The engine speed depends on the final drive gear ratio in the transmission, and the tire circumference, so it varies from car to car. Engine speed alone is not a valuable indicator for the transmission's condition. There's so many ways a transmission can fail.
First of all, your transmission is computer-controlled. If any slippage takes place in one of the clutch packs, the computer will default it to second gear and it will stay there until you turn the ignition switch off and restart the engine. At that point at least one diagnostic fault code will be stored in the Transmission Computer, AND there will be code P700 stored in the Engine Computer, which just means there's a code in the tranny computer. Simple code readers won't read transmission codes. They just do engine codes. You'd need to find a mechanic with a scanner that can access the Transmission Computer. If the Check Engine light is not on, chances are the transmission is fine.
What you can do is watch how the tach. Responds during up-shifts. You should see four drops in engine speed. The first three are when it up-shifts to second, third, and fourth gears. The last drop is more subtle. That's when the torque converter locks up. Chrysler was the first manufacturer to introduce lock-up torque converters in the mid '70s for better fuel mileage. If you don't know what the torque converter does, it's basically a big doughnut filled with fluid, and a fan hooked to the engine, and another one hooked to the transmission. One fan spins the fluid that turns the second fan. The slippage of that fluid is what allows the engine to stay running at around 800 - 1000 rpm when the car is not moving. Torque converters are more efficient at higher speeds so the engine will run around only 200 rpm faster than the transmission is going at highway speeds. THAT is where the fuel mileage is lost compared to a manual transmission. The lock-up torque converter addresses that loss, but it has to unlock when you come to stop so it doesn't snub the engine off. The computer tells it to unlock under a number of conditions, and you can use them to determine if it's working properly. The car has to be going at least 35 - 45 mph, the transmission has to be in third or fourth gear, and the engine coolant temperature has to be up to a specific temperature. On my Chrysler minivans lock-up doesn't occur until I've driven about two miles on a hot summer day, and up to seven miles on a really cold winter day.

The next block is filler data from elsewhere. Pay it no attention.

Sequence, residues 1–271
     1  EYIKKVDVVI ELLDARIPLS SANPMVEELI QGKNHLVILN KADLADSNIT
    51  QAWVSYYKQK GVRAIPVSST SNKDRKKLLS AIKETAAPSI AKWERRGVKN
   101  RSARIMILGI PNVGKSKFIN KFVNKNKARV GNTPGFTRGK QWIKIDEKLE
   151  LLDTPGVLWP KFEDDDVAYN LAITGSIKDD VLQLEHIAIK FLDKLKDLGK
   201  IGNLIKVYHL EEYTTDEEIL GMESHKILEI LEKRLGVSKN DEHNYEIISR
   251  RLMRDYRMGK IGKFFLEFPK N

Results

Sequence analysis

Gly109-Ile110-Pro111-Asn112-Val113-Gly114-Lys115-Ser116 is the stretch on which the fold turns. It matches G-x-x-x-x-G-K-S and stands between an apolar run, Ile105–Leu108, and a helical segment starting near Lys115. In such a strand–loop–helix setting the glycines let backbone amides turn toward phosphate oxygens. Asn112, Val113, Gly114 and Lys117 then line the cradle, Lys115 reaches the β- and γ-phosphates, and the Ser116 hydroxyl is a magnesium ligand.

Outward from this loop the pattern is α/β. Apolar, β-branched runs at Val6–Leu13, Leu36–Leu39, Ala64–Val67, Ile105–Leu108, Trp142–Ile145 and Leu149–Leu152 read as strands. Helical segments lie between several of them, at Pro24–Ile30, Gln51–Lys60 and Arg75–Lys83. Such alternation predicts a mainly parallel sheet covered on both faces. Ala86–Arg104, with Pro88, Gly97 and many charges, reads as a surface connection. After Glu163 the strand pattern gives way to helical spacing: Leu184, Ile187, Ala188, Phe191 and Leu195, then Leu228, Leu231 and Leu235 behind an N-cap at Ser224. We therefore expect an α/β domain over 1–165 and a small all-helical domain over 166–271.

The things that make the torque converter unlock include removing your foot from the accelerator pedal, or tapping the brake pedal, ... Both indications you're planning on coming to a stop, vehicle speed drops below the minimum threshold for it to be engaged, the engine gets too hot, as in when I drag around a tandem axle enclosed trailer that's bigger than my van, or when you approach wide-open-throttle. A torque converter doubles the torque to the driving wheels compared to a manual transmission, but that advantage is lost when it is locked up. Then it's just like having a manual transmission clutch. That double torque isn't needed or used when driving normally. It IS needed at wide-open-throttle when you're racing a freight train. That's why it unlocks at that time.
The easiest way to verify the lock-up clutch is working is to watch for that 200 rpm drop at highway speed, then hold the speed steady and the accelerator pedal steady, and briefly tap the brake pedal with your left foot. You'll see the rpm go up about 200 rpm, then drop back down about two or three seconds later.
If you see the rpm bouncing up and down as you drive, observe how much it changes. If the transmission is slipping, (which the computer would detect), or if it's down-shifting to a lower gear, the rpm change will be a real lot more than 200 rpm;... More like 1000 - 2000 rpm. If you see that 200 rpm change periodically when none of the things I mentioned are occurring, the most common cause is the throttle position sensor. A wiring problem for that sensor would be detected by the Engine Computer. It would set a diagnostic fault code and it might turn on the Check Engine light. It might not turn the light on. The Check Engine light only has to turn on when the cause of a fault code could adversely affect emissions. Inside the sensor itself, it is possible for a little chunk of the carbon element to break off and change the reading while that reading remains within the acceptable range. Even though that reading might be wrong and the computer responds accordingly to it, no fault will be detected if those readings stay between 0.5 and 4.5 volts. One more thing that can make the computer unlock the converter is a rapid change in throttle position. That's what the computer can think is occurring when there's dirt inside the throttle position sensor.
You can watch the throttle position sensor's readings on a scanner as you work the accelerator pedal, (you can do the same thing quite easily with a digital voltmeter), but the momentary voltage changes usually occur much too quickly to be picked up by either one. The computer WILL see those changes, but to you and me it looks like the voltage is changing smoothly. The "record" feature on most scanners often allows you to see those voltage glitches when you play the recording back slowly, but this is one case where it is common to just pop a new sensor on and try it, based on the symptoms, rather than do a lot of time-consuming diagnostic tests.
Tuesday, November 12th, 2013 AT 9:51 PM